Green Fire, by Stephanie James (aka Jayne Ann Krentz)

>> Tuesday, October 07, 2003

I'm trying to make them last, but this weekend I succumbed to temptation and read Green Fire, byJayne Anne Krentz (written as Stephanie James).

Flint Cottrell had been driven all his life by a restlessness that didn't allow any peace. He chased legends and treasures, wrote about them, sold his stories to magazines when he could, did odd jobs when he couldn't. But the night Rani Garroway opened her door, he knew he'd found that elusive "something" he'd been searching for.

Rani stared at the handsome, thoroughly rain-soaked stranger, who looked like a battle-scarred alley cat demanding shelter. As his exotic green eyes locked with hers, she realized that he could set her safe, risk-free life on fire--green fire--and the flames were already licking at her heart.
A nice read, one with several elements from The Adventurer. It had several problems, but I'd still give it a B.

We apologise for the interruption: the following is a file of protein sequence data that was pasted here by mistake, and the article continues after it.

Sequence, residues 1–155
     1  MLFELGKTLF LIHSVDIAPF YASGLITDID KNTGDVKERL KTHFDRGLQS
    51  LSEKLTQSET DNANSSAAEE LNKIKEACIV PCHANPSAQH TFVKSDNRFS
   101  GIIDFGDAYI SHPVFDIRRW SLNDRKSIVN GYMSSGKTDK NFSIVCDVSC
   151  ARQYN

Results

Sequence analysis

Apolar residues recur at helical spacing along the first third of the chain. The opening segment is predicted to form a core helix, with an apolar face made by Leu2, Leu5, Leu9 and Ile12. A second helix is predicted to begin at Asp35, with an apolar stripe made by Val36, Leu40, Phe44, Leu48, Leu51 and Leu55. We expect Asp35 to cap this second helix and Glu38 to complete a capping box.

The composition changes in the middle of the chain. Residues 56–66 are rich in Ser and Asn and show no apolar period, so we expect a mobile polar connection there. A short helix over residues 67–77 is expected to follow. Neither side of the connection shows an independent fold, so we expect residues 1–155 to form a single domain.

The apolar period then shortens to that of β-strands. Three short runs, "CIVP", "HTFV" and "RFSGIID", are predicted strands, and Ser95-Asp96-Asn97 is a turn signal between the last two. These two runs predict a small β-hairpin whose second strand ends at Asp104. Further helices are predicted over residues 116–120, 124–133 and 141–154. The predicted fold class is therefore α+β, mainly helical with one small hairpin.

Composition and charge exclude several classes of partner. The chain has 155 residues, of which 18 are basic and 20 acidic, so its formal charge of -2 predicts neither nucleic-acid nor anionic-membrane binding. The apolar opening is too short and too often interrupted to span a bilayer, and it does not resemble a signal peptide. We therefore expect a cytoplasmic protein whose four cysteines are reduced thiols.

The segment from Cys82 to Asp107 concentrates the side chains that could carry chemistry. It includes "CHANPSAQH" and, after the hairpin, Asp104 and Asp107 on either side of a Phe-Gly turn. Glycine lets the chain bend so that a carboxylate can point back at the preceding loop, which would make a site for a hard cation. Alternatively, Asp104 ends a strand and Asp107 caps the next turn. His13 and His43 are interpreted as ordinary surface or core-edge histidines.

"...looked like a battle-scarred alley cat demanding shelter". I love that description. From that phrase alone on the back cover, I would have bought the book even if it hadn't been a JAK. It signaled that I was going to get something I always enjoy in a JAK book, a hero who really needs the heroine. And I did. Flint had a desperate sense that Rani was what he'd been looking for all his life, and that's simply something that touches a chord with me.

Unfortunately, about half-way through the dynamics of the situation were abruptly reversed. Rani was hesitant, until then, not really wanting to get involved, but suddenly she's madly in love and telling Flint that. And he, who'd been ready to make a permanent commitment, keeps quiet. It made absolutely no sense, and it was very obviously done only to generate some conflict.

The obligatory suspense subplot was completely extraneous, and I saw it coming a mile away, only because I knew the book had to have some gun-wielding villain. Since there just weren't all that many characters, it was also obvious who the villain had to be.

Still, I enjoyed this, in spite of the problems I found.

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